The hardest part of leaving is letting go

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Outside the Box, a weekly column by Cheryl Hatch, copyright 2015

Long before 9/11 and the TSA, I would stand at the departure gate at the airport.

I’d watch my friend, family member or beloved, walk down the gangplank to the plane. I’d wave until he disappeared from sight. I’d shift to the giant windows and press my face against the glass, trying to find his face among the oval windows on the plane. I’d stand and wait until the plane backed out. I’d watch until it took off and disappeared from sight.

I didn’t want to leave.

As an Army BRAT, I moved with my family more than 20 times before I graduated from high school. It’s a pattern I continued as an adult in my work as a foreign correspondent. While I have a lot of experience with leaving, it’s never been easy for me.

In truth, we are all leaving from the moment we draw our first breath.

In The Campus newsroom a couple weeks ago, Amanda Spadaro said she had a moment. A graduating senior and co-editor-in-chief, she looked around the newsroom where she’d spent countless hours of her four years at Allegheny. She remembered the late nights, the laughter, the good times and the tough times. She looked at the students she’d shared so much with and those who would carry on in her absence next year. She realized she was leaving.

Spadaro left her hometown in Washington, Pennsylvania four years ago. On Saturday, she’ll graduate with a major in biology and a minor in English. She has no immediate plans after graduation, though she’s in the running for an internship at The Meadville Tribune.

Her career plans: “Pipe dream is to be the next Ida Tarbell, so. We’ll see how that goes. “

Elliott Bartels, The Campus Web manager, left his hometown in Cranberry Township, Pennsylvania, four years ago. Bartels will graduate with an ecology major and a graphic design minor. Immediately after graduation, Bartels will work in Charlotte, North Carolina for Wildlands Engineering, a bio/environmental engineering firm that specializes in water remediation and mitigation.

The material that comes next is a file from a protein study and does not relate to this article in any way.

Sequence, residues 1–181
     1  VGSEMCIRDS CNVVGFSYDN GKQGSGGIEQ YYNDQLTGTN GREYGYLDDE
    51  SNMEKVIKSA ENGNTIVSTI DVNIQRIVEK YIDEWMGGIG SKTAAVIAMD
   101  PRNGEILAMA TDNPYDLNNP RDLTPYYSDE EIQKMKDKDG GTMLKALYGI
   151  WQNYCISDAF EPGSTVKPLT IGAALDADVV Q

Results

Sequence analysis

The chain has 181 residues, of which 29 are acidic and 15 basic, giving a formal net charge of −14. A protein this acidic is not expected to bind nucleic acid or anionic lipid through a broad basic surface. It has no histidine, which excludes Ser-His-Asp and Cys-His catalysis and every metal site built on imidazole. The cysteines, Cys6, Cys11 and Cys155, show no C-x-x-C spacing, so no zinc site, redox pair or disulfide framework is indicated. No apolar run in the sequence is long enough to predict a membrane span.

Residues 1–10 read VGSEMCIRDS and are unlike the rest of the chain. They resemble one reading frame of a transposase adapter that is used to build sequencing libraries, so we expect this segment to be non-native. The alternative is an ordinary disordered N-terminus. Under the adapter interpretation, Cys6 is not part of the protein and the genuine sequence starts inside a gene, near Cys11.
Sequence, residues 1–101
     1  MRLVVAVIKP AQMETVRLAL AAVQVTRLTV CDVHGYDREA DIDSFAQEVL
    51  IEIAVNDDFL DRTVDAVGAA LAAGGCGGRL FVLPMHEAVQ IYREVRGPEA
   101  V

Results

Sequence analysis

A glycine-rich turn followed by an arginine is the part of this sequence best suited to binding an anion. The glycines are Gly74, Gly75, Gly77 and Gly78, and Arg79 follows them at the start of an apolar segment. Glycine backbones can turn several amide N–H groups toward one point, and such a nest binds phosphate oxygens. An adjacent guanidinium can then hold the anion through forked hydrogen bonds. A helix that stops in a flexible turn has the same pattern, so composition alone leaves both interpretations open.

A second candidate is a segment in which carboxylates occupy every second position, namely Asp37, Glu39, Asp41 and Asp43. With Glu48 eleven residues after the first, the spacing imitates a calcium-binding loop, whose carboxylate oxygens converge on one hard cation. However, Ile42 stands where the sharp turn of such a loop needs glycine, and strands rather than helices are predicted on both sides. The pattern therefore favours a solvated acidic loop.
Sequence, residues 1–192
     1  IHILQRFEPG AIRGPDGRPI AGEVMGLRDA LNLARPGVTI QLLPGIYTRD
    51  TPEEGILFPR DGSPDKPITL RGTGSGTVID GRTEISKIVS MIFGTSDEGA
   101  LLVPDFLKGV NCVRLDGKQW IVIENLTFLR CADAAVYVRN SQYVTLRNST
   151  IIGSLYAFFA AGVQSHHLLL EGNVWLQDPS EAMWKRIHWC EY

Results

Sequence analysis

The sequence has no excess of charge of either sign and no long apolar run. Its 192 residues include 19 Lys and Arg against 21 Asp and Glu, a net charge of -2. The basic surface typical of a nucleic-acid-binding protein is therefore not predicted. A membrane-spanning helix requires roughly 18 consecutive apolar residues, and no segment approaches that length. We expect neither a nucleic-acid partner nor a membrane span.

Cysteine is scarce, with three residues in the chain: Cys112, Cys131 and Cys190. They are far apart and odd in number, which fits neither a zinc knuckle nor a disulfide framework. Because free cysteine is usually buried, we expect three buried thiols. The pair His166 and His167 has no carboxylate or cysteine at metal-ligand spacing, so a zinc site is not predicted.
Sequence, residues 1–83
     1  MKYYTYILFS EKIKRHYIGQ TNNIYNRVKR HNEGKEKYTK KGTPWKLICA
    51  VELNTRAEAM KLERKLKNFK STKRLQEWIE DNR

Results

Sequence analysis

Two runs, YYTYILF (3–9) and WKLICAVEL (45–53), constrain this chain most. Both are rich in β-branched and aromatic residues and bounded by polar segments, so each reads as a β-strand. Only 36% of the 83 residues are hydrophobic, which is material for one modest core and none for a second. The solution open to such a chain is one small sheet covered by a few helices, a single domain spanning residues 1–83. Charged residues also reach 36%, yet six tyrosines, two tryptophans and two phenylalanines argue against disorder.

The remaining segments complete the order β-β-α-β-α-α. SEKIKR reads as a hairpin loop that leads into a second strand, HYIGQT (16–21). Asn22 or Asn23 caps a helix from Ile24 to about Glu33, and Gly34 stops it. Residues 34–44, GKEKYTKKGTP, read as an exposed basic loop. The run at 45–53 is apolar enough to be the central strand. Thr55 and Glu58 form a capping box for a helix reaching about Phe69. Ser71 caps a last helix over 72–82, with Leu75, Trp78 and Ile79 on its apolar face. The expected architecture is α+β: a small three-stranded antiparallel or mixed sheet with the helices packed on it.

His career plans: “Working for a while as an environmental engineer/scientist to pay off loans and to afford a new project Jaguar, then maybe back to grad school to increase $$$ and get a degree in upper management/business.”

The Campus features editor Claire Teague left her hometown in Chatham, N.J. for Allegheny. Saturday she’ll graduate with an English major and economics minor. This summer she’ll be working for the Presbyterian Church of New Providence where she’ll be the assistant director to the youth program, working with hundreds of high school and middle school students.

Sam Stephenson, The Campus co-editor-in-chief, left his hometown in Portland, Oregon, four years ago. He’ll graduate with an English major with a focus in journalism and an economics minor. He’ll head home and teach summer tennis camps, work out and get ready for the Marine Corps Officer Candidate School.

His career plans: “Join the Marine Corps as an officer and stay in as long as my heart is content. Eventually though, I’d like to have a career in journalism or communications, but that might not start for a while!”

At Allegheny’s bicentennial commencement today, parents will watch their children cross the stage and collect a diploma. They’ll shout and wave and snap photos. They’ll also wonder where the time went. They can remember when their children left home for college. Now they’ll watch as they leave their college home for new adventures.

When my folks take me to the airport now, I linger by the curb. I hug my mom. I hug my dad. I don’t want to leave. My father insists on taking my luggage to the check-in counter. Usually, I’ll leave the cart and run back outside and stop my parents before they leave. One more hug. One more “I love you.”

The hardest thing about leaving is letting go.

http://www.meadvilletribune.com/opinion/columns/outside-the-box-the-hardest-thing-about-leaving-is-letting/article_86b87cd4-f511-11e4-adf0-270d6b767289.html

Cheryl Hatch is a writer, photojournalist and visiting assistant professor of journalism in the public interest at Allegheny College.

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Two men answer: ‘What does a person do when you come back from war?’

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Outside the Box/a weekly column by Cheryl Hatch Copyright 2014

Nathan Lewis grew up in the village of Barker, New York, about three hours from Meadville. He joined the U.S. Army straight out of high school. He was 19.

Roman Baca was born in Albuquerque, New Mexico, and grew up in Spanaway, Washington, just south of Tacoma. After high school, he studied classical ballet at a conservatory in Connecticut. At 24, he joined the U.S. Marine Corps.

Both men served in Iraq. Lewis deployed with an artillery unit in 2003. Baca deployed to Fallujah in 2005.

They came home changed by their experiences. They came home with questions.